Scotland's Year of Food and Drink is waddling towards the dessert course, but if you haven't quite eaten your fill, there are still gourmet experiences to enjoy. There are farmers' markets, food trails and events to whet your appetite, while in Edinburgh (which has five Michelin stars), October sees a city-wide restaurant festival. From 8 to 18 October, there will be dining offers and events including foodie walking tours (keep an eye on thisisedinburgh.com for more news). Loosen your belt and tuck in.
Great Scottish bake-off
Who needs Mary Berry? At the Dundee Flower and Food Festival (01382 434940; dundeeflowerandfoodfestival.com), in Camperdown Country Park from this Friday to Sunday, there's a Dundee Cake contest and an award for Scotch broth. MasterChef's Gregg Wallace will be giving cookery demonstrations. Day tickets £12, three-day tickets £24, accompanied children under 16 free.
At the 10th annual Loch Lomond Food and Drink Festival (01389 751031; lochlomondfoodanddrinkfestival.co.uk) this Saturday and Sunday, around 20,000 people are expected to attend the food stalls and tasting sessions on the banks of the loch, watch the cookery demos – and take part in a haggis-eating competition each afternoon (pre-registration needed). The festival and activities such as foraging and bushcraft sessions are all free.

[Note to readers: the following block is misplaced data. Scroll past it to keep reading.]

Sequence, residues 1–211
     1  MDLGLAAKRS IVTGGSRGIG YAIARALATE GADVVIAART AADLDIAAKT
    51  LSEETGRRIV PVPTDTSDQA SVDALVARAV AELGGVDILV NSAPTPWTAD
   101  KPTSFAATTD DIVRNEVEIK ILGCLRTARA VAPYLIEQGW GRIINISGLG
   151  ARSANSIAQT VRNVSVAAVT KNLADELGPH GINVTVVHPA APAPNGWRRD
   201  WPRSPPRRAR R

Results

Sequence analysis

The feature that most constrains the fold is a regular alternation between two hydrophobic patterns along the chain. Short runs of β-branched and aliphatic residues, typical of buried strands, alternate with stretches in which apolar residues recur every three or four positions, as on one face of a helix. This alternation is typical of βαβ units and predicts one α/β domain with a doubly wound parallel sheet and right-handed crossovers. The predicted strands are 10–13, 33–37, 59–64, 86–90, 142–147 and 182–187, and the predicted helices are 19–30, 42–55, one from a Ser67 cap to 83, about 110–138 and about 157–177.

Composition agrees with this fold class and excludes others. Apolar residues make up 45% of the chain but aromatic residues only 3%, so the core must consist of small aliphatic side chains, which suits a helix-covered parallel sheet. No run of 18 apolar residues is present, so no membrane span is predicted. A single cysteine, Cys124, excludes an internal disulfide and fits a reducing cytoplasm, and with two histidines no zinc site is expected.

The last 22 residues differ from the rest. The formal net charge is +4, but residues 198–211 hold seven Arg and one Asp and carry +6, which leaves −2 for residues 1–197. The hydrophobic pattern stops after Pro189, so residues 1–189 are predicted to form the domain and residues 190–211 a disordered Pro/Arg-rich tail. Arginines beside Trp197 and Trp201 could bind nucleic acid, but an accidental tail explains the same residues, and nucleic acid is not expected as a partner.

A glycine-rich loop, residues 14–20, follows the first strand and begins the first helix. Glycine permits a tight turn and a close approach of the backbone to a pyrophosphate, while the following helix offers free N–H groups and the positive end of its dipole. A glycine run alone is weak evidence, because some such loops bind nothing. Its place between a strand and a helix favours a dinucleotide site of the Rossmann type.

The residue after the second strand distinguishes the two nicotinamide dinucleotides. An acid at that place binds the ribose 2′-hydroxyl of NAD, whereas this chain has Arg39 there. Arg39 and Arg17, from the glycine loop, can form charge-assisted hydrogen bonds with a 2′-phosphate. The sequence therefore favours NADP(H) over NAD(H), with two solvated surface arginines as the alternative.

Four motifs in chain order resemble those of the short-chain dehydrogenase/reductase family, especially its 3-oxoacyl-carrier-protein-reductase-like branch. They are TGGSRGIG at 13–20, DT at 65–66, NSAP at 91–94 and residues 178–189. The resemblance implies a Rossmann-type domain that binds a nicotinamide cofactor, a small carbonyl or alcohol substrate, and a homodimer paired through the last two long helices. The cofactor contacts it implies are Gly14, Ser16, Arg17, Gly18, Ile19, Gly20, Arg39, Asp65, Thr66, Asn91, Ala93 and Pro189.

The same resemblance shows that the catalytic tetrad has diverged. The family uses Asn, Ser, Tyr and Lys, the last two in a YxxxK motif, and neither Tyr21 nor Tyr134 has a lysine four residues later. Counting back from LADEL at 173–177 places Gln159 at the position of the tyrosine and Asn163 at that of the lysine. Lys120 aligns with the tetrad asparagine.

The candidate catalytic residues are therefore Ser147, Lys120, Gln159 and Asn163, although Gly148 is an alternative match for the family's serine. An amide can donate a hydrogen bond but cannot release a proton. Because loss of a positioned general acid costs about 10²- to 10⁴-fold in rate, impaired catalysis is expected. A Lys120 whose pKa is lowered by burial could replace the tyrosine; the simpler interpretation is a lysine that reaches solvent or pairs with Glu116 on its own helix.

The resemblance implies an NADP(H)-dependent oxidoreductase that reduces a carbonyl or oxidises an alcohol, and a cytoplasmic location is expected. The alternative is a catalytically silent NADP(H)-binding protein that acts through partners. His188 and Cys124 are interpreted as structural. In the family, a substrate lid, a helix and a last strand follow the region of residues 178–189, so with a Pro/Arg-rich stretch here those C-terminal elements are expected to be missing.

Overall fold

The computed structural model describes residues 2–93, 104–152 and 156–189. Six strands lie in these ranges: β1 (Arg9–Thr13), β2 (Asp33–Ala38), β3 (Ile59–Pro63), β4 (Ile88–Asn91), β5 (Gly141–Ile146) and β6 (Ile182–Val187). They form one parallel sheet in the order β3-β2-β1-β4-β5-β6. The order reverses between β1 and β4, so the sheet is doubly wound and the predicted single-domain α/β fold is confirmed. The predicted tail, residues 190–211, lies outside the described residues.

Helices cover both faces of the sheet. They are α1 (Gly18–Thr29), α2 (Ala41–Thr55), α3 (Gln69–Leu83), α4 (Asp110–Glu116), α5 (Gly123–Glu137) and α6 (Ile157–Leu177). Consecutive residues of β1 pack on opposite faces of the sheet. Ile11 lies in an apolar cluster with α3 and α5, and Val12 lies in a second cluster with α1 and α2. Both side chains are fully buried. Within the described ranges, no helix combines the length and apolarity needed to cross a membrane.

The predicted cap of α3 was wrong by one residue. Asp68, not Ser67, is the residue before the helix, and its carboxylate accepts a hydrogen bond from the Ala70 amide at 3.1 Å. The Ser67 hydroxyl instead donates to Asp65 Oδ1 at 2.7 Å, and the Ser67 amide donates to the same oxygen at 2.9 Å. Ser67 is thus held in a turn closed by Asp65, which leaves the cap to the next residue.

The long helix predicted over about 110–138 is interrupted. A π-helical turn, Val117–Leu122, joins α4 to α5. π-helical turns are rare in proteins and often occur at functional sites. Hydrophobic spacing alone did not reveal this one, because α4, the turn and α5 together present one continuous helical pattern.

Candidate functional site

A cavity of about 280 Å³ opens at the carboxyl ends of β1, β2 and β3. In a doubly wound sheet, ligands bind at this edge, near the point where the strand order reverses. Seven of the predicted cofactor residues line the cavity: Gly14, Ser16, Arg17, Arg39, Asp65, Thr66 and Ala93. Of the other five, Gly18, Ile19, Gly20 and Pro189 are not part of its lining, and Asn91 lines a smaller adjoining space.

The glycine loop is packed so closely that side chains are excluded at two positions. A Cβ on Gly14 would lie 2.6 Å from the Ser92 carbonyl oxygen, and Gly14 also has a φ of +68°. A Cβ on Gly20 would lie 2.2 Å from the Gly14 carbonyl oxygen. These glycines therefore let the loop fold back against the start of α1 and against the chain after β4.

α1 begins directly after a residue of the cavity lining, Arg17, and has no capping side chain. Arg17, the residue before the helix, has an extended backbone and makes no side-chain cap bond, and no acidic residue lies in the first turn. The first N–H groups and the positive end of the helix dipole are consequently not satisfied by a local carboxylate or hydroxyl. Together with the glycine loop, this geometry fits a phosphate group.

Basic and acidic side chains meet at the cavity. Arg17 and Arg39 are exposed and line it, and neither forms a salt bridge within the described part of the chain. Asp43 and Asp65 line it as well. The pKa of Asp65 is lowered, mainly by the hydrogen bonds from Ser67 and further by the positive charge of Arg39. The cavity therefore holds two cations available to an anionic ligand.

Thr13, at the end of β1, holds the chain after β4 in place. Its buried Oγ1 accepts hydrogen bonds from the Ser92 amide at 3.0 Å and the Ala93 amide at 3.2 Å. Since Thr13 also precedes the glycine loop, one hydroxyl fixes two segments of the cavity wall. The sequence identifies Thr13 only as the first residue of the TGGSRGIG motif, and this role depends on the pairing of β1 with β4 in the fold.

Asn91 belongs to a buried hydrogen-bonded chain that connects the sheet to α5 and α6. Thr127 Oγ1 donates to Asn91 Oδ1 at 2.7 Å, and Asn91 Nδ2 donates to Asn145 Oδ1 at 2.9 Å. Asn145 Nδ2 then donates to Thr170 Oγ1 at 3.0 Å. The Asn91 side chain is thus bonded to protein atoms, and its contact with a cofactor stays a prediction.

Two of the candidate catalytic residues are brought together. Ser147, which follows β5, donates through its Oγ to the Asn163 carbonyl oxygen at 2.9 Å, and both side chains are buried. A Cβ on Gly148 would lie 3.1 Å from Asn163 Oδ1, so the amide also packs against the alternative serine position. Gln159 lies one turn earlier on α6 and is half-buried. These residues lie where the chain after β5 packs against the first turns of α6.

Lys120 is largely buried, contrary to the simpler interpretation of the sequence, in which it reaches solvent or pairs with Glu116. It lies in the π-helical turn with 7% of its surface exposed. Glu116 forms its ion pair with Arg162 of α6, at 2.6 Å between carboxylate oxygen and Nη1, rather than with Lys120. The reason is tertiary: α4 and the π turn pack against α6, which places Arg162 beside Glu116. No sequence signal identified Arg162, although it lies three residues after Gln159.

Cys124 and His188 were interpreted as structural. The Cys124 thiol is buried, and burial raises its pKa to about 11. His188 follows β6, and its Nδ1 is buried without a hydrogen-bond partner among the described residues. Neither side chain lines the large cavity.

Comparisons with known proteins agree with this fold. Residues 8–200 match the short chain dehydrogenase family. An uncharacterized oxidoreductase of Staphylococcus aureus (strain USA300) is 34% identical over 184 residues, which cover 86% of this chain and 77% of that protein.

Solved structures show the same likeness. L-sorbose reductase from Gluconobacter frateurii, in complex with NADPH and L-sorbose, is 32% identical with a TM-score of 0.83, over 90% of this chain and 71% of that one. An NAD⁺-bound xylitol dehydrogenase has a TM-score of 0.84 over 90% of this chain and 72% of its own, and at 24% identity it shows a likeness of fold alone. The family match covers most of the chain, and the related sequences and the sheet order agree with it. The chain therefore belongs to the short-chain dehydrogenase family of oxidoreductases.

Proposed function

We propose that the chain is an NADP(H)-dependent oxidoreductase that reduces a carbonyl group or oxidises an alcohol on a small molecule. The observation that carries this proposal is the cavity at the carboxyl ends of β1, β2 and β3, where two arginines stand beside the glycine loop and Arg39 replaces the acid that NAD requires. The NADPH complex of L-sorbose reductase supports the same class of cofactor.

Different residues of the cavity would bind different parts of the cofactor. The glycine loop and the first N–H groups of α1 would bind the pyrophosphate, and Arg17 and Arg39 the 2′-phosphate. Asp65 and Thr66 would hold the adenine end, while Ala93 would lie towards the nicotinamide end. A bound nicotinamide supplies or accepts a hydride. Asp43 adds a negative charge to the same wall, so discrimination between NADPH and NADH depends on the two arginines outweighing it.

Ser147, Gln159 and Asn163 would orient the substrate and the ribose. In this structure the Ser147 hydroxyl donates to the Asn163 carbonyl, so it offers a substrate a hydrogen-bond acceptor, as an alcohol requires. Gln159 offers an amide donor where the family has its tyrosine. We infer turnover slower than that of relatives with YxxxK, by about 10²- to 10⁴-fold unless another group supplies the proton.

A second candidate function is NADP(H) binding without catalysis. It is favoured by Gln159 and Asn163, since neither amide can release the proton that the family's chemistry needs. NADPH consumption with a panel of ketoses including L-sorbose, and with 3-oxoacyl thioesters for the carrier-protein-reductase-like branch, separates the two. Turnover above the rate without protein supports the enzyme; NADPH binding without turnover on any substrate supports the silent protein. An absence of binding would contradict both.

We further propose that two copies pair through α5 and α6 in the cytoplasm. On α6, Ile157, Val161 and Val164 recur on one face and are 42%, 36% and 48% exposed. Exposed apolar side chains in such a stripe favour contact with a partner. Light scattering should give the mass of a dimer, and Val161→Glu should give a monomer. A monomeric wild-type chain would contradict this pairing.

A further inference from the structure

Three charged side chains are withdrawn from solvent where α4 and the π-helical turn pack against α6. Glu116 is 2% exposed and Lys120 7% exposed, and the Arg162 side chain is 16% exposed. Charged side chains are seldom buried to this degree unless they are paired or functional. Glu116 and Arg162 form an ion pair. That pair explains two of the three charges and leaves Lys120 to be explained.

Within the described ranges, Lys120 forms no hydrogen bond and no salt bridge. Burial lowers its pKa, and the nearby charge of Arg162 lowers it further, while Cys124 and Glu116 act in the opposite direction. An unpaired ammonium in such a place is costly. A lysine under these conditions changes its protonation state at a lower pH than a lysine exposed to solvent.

Hit the road
As an autumn chill begins to seep in, a warming dram might be just the ticket. The Malt Whisky Trail (maltwhiskytrail.com) winds through bucolic Speyside, where you can guide yourself to distilleries such as The Glenlivet and Glenfiddich for tours and tasting.
If whisky isn't for you, head over to the west coast for the Seafood Trail (theseafoodtrail.com), which wends its way from oyster bar to fine seafood restaurants.
Balgove Larder (01334 898145; balgove.com), on the edge of St Andrews, is the kind of farm shop you'd expect in this neck of the woods: posh. With a rustic-chic café and traditional butchery, it aims to promote the best local and seasonal food and drink.
Until the end of the month, the pop-up Steak Barn is rustling up barbecued steaks, burgers and sausages (Wednesdays to Sundays, noon to 8.30pm). And on 9 September, there's a Harvest Feast. Chef Anthony Sturge will give an introduction to each course. Dishes to devour include a creamy roasted cauliflower and fennel soup, stewed Balgove venison, and a Harvest pudding. Tickets cost £23 for a drink and three-course meal. Booking essential.
The Loch Lomond Arms (01436 860420; lochlomondarmshotel.com) is organising a handful of foodie breaks this autumn, including Exploring Our Natural Larder (5-7 October and 12-14 October).
Guests will select herbs and vegetables for supper from the kitchen garden before checking out the best fishing spots on Loch Lomond with a local fisherman. Also included is a visit to the farm where much of the hotel's produce is sourced.
Before the four-course tasting menu with matching wines, the chef will discuss the provenance of the food. The two-night break costs £260pp full board, with transport to and from the activities and the boat trip.Reuse content